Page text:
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Lymphatic filariasis

• Lymphatic Filariasis, known as Elephantiasis, puts at risk more than a
billion people in more than 80 countries.
• Over 120 million have already been affected by it, over 40 million of them
are seriously incapacitated and disfigured by the disease.
• One-third of the people infected with the disease live in India, one third are
in Africa and most of the remainder are in South Asia, the Pacific and the
• In tropical and subtropical areas where lymphatic filariasis is well-
established, the prevalence of infection is continuing to increase.
• A primary cause of this increase is the rapid and unplanned growth of
cities, which creates numerous breeding sites for the mosquitoes that
transmit the disease.

In its most obvious manifestations, lymphatic filariasis:

• causes enlargement of the entire leg or arm, the genitals, vulva and
breasts. In endemic communities, 10-50% of men and up to 10% of
women can be affected.
• The psychological and social stigma associated with these aspects of the
disease are immense.
• In addition, even more common than the overt abnormalities is hidden,
internal damage to the kidneys and lymphatic system caused by the


• The thread-like, parasitic filarial worms Wuchereria bancrofti and Brugia
malayi that cause lymphatic filariasis live almost exclusively in humans.
• These worms lodge in the lymphatic system, the network of nodes and
vessels that maintain the delicate fluid balance between the tissues and
blood and are an essential component for the body's immune defence
• They live for 4-6 years, producing millions of immature microfilariae
(minute larvae) that circulate in the blood.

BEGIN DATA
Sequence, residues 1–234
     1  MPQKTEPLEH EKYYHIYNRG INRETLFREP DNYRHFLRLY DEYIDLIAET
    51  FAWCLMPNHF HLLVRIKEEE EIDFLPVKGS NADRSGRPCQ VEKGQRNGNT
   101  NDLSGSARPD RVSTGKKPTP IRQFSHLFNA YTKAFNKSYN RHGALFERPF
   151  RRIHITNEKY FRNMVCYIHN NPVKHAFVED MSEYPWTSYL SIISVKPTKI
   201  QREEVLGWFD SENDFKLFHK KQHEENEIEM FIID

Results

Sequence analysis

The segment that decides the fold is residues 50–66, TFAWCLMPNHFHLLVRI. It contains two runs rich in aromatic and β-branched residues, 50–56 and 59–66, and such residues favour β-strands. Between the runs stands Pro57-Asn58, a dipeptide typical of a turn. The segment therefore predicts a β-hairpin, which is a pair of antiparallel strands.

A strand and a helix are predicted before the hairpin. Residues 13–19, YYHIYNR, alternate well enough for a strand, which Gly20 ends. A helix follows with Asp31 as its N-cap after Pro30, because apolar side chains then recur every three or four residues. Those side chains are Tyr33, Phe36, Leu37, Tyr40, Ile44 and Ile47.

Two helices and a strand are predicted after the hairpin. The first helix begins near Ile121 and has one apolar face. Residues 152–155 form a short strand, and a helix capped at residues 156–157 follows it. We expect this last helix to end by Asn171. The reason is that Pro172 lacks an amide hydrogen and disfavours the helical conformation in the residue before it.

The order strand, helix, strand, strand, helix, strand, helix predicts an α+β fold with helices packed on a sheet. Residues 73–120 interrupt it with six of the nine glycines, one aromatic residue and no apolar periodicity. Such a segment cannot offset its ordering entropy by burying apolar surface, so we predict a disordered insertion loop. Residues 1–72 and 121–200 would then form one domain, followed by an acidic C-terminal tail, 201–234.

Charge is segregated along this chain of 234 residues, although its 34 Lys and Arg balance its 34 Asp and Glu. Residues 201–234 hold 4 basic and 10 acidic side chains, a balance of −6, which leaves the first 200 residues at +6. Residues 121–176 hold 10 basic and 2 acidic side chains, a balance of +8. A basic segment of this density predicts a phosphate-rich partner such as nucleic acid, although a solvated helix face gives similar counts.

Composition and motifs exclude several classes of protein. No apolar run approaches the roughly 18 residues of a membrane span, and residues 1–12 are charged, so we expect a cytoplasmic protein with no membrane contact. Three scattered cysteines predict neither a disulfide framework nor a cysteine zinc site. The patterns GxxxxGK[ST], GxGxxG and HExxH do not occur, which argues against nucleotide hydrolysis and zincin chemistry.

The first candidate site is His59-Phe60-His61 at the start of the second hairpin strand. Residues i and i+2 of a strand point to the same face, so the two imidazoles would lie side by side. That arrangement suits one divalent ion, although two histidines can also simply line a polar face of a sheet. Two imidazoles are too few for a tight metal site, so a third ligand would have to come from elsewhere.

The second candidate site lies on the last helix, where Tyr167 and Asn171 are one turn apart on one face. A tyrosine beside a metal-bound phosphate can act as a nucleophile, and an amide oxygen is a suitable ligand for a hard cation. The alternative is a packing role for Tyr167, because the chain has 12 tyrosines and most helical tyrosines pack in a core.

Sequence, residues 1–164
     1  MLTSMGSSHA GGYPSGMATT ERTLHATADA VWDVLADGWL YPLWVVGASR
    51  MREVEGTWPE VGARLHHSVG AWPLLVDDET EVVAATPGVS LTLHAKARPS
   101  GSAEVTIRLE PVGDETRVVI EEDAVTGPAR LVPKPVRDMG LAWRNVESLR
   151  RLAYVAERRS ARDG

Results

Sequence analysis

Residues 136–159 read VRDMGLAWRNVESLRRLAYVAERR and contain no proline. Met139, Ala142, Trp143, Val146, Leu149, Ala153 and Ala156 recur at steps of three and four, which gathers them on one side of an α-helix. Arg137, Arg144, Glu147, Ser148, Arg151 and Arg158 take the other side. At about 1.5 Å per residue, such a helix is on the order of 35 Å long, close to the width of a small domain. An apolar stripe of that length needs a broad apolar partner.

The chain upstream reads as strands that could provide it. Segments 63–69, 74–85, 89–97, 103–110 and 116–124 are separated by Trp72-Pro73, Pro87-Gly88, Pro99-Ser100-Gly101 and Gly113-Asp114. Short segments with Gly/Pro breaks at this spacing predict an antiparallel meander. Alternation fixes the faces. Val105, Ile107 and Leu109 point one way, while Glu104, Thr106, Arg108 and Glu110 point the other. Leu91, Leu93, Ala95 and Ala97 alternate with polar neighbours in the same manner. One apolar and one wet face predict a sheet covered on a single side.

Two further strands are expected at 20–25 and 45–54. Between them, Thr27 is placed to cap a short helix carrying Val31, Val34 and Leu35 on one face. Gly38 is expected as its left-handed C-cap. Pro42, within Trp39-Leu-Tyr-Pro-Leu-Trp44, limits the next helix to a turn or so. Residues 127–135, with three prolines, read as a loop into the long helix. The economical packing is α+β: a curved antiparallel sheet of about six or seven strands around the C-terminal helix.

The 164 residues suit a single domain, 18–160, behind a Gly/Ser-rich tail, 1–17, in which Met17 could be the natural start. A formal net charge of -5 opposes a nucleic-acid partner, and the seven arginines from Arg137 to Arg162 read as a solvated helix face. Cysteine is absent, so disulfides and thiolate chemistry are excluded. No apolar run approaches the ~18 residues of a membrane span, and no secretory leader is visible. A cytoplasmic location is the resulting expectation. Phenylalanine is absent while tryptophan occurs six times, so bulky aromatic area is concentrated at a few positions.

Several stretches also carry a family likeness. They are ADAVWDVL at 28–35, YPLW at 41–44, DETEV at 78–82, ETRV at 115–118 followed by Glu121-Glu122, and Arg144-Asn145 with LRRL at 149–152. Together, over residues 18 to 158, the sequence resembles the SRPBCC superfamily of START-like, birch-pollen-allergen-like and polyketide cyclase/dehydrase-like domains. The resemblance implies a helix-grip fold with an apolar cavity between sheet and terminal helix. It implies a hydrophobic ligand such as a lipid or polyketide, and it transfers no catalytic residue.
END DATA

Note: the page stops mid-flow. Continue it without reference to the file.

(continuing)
• There may be no clinical symptoms. • The asymptomatic form of infection is most often characterized by the presence in the blood of thousands or millions of larval parasites (microfilariae) and adult worms located in the lymphatic system. or the breast - swelling up to several times normal size . the disease may take years to manifest itself. lymph nodes and lymphatic vessels often accompany the chronic lymphoedema or elephantiasis. • Some of these are caused by the body's immune response to the parasite. Signs and symptoms Though the infection is generally acquired early in childhood. . chronic and acute manifestations of filariasis tend to develop more often and sooner in refugees or newcomers than in local populations continually exposed to infection. especially hydrocoele (fluid-filled balloon-like enlargement of the sacs around the testes) and elephantiasis of the penis and scrotum. • In endemic areas. studies have now disclosed that such victims. • In endemic communities. even more remarkably. outwardly healthy.Transmission • The disease is transmitted by mosquitoes that bite infected humans and pick up the microfilariae that develop. ready to enter the punctured skin following the mosquito bite. • The worst symptoms of the chronic disease generally appear in adults. but most are the result of bacterial infection of skin where normal defences have been partially lost due to underlying lymphatic damage. the entire arm.can affect up to 10% of men and women in these communities. thus completing the cycle. some 10-50% of men suffer from genital damage. actually have hidden lymphatic pathology and kidney damage as well. inside the mosquito. into the infective stage in a process that usually takes 7-21 days. and in men more often than in women. • Careful cleansing can be extremely helpful in healing the infected surface areas and in both slowing and. • Elephantiasis of the entire leg. the vulva. Lymphoedema may develop within six months and elephantiasis as quickly as a year after arrival. reversing much of the overt damage that has occurred already. • The larvae then migrate to the mosquitoes' biting mouth-parts. • Acute episodes of local inflammation involving skin.